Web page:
You know how everyone has that one friend who loves to "act a fool"? Yeah, the nymph in "The Nymph's Reply to the Shepherd" is definitely not that friend. In fact, she seems downright determined to avoid any situation or action which could possibly be described as foolish. In this poem, foolishness is the most cited reason for the nymph's rejection of the shepherd's pleas. Adhering strictly to reason keeps the nymph safe from potentially foolish decisions, but is she actually better off for being well-prepared?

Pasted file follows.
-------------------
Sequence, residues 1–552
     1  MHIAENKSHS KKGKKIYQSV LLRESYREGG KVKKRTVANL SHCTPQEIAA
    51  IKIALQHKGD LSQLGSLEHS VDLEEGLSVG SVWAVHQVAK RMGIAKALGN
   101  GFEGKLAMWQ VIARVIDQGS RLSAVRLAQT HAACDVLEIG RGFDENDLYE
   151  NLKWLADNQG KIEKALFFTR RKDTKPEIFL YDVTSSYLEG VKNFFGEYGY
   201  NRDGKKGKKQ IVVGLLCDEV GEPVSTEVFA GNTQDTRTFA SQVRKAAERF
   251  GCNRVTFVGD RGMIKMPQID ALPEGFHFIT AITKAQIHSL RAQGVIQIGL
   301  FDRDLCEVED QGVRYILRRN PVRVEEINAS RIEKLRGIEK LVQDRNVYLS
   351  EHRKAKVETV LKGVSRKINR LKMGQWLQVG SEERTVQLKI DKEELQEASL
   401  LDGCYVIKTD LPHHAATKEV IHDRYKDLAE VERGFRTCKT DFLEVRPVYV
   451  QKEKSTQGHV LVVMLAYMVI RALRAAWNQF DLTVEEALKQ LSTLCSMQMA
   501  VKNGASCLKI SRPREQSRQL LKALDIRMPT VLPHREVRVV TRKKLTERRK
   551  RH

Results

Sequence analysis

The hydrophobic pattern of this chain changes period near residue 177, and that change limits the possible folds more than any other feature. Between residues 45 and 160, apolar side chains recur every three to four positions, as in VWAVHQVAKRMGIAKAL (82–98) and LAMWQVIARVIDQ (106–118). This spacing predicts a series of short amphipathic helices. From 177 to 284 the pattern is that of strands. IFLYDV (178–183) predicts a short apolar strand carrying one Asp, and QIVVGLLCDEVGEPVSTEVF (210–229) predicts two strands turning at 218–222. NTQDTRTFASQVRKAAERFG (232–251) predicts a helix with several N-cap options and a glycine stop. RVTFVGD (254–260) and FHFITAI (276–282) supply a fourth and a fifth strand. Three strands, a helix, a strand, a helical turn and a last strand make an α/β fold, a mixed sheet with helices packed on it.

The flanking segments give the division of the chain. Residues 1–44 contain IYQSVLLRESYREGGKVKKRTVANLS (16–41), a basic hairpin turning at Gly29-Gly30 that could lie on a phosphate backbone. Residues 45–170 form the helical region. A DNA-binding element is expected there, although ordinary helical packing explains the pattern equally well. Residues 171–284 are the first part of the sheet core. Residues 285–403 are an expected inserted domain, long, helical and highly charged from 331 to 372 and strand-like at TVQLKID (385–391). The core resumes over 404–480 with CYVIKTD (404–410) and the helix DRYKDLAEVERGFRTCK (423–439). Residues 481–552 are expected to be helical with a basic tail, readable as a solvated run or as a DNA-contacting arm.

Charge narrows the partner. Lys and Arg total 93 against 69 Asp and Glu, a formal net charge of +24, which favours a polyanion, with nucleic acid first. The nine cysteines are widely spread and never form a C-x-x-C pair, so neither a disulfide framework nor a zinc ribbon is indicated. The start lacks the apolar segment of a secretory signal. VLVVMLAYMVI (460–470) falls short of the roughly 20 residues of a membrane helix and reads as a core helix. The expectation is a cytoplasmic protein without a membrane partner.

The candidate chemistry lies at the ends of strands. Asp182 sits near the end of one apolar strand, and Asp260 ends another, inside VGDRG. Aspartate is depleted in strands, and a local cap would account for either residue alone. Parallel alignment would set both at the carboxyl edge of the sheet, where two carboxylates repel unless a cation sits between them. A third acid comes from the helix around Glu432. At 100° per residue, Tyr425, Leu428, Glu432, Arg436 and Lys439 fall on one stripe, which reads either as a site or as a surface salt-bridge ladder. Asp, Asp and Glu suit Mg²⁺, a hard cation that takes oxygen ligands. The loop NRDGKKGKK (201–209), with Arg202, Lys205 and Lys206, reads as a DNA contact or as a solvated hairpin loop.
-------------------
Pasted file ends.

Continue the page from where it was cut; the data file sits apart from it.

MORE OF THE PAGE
The nymph compares the bloom and fertility of springtime to the foolishness of being in love. Way to go, little miss cynic.
The nymph's fear of foolishness keeps her from doing what she truly wants. Hasn't she ever seen that motivational poster: "Dance like no one is watching"?